Clinimetrics corner: the many faces of "selection bias"

Now, selection and bias are both nouns. Selection is an uncountable noun and a countable noun. Bias is a countable noun. So, can I put "a" before "selection" on the basis of that it is uncountable? Or I will put it on the basis of the second word, bias? (selection) or the second one (bias). Link: https://www.ncbi.nlm.nih.gov/pmc/articles/PMC3101070/

Another thing I want to ask is that if there is a noun phrase containg two words, does the selection of an article depend on the first word of the noun phrase?

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    The fact that "selection" is an uncountable noun in other contexts is irrelevant here, where it simply functions as an "adjective" modifying the "head noun" bias. And that "adjective" might not be present in the first place, so ask yourself if you'd be prepared to write "...the many faces of a bias" (I wouldn't, but I don't really understand what you're trying to say, anyway), Commented Oct 26, 2023 at 11:32
  • ...but I could talk about the many uses of a jug, OR the many uses of a water jug, which looks to me like another "uncountable noun and a countable noun" pairing on a par with yours. Commented Oct 26, 2023 at 11:35
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    My favourite "selection bias" example at the moment: Why are iron levels different in the left and right hands? Commented Oct 26, 2023 at 11:39
  • @AryenduKumar Please provide an example sentence. Commented Oct 26, 2023 at 11:50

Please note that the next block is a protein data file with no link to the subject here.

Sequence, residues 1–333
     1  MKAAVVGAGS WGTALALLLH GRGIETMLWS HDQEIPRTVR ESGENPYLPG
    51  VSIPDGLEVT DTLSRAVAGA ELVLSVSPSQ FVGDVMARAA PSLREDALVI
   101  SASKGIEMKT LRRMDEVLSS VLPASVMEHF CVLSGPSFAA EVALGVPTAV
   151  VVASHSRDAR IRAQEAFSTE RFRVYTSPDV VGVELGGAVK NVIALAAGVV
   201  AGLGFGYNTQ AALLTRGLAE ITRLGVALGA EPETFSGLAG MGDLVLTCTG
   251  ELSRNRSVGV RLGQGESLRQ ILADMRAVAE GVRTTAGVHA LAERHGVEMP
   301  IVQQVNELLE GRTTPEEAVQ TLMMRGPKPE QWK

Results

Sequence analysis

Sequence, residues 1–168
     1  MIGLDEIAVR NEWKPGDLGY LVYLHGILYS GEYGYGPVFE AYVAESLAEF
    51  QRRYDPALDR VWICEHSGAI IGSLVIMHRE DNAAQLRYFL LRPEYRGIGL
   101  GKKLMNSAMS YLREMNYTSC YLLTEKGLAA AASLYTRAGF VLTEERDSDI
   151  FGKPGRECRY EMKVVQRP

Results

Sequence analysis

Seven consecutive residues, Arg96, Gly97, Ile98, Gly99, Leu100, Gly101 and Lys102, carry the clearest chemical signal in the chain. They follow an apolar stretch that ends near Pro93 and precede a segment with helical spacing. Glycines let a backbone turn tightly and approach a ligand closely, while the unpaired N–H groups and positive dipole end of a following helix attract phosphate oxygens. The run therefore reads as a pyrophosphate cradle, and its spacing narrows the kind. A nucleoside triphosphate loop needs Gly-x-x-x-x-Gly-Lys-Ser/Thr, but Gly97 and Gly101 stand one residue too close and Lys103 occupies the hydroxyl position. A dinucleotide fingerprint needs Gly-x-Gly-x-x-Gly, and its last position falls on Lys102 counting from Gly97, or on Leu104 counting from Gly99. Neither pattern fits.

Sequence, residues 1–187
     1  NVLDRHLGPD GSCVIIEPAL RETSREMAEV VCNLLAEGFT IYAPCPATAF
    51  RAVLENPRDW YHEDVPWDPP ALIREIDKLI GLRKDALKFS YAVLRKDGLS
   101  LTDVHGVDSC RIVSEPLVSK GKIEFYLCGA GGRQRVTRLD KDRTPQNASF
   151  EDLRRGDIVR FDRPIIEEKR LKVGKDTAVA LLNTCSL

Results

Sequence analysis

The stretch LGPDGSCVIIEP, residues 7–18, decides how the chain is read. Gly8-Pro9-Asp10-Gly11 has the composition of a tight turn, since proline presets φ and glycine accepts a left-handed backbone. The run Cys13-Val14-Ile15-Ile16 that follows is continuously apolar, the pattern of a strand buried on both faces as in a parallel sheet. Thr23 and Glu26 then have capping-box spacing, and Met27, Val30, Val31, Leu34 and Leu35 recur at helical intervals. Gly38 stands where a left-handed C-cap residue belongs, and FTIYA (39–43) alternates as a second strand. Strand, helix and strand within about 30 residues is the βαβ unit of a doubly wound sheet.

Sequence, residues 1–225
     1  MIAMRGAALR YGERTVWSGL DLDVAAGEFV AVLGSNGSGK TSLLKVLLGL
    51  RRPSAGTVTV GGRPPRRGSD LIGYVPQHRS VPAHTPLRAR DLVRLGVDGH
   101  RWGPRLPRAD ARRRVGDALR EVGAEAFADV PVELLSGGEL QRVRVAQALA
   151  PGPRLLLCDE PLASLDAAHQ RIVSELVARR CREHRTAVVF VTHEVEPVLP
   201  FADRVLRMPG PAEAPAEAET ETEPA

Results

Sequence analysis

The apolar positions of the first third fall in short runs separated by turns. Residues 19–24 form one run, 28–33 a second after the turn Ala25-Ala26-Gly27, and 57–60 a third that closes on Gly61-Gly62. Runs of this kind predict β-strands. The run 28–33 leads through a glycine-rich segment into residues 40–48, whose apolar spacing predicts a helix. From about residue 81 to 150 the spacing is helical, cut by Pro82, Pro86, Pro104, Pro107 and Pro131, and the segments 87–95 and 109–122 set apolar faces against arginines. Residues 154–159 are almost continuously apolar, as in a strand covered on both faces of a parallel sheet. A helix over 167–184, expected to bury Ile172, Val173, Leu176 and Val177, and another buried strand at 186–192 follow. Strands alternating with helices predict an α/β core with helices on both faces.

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    @FumbleFingers, off topic, but I love the hæmoglobin anecdote. A wonderful cautionary tale for careful reasoning. Commented Oct 26, 2023 at 15:38

1 Answer 1


Selection bias is a compound noun. For compound nouns that are made up only of nouns, only the final noun is ever pluralised, so you can have egg sandwiches, but you can't have eggs sandwich.

The countability of a compound noun is therefore based only on the final noun.

In your example, bias is the final word, and it is normally countable (though, as the link I provided shows, it can also be uncountable), so you can have selection biases or a selection bias.

  • Bias is countable but can I also have no article before 'selection bias' ? Will the justification be - It will give a general meaning. Commented Oct 27, 2023 at 2:42
  • @AryenduKumar my bad, I didn't consider the uncountable usage. Yes, It would relate to bias in general.
    – JavaLatte
    Commented Oct 27, 2023 at 7:16
  • @Then, Mnay time I have seen that sentences like above, second word is singular and countable. and the first word is uncountable and as per the rule there should be 'a' or 'an' but there is no article ... Why ? Commented Oct 27, 2023 at 7:25
  • can you provide examples?
    – JavaLatte
    Commented Oct 27, 2023 at 7:47
  • Do not remeber, please explain from the context of "selection bias" Commented Oct 27, 2023 at 8:16

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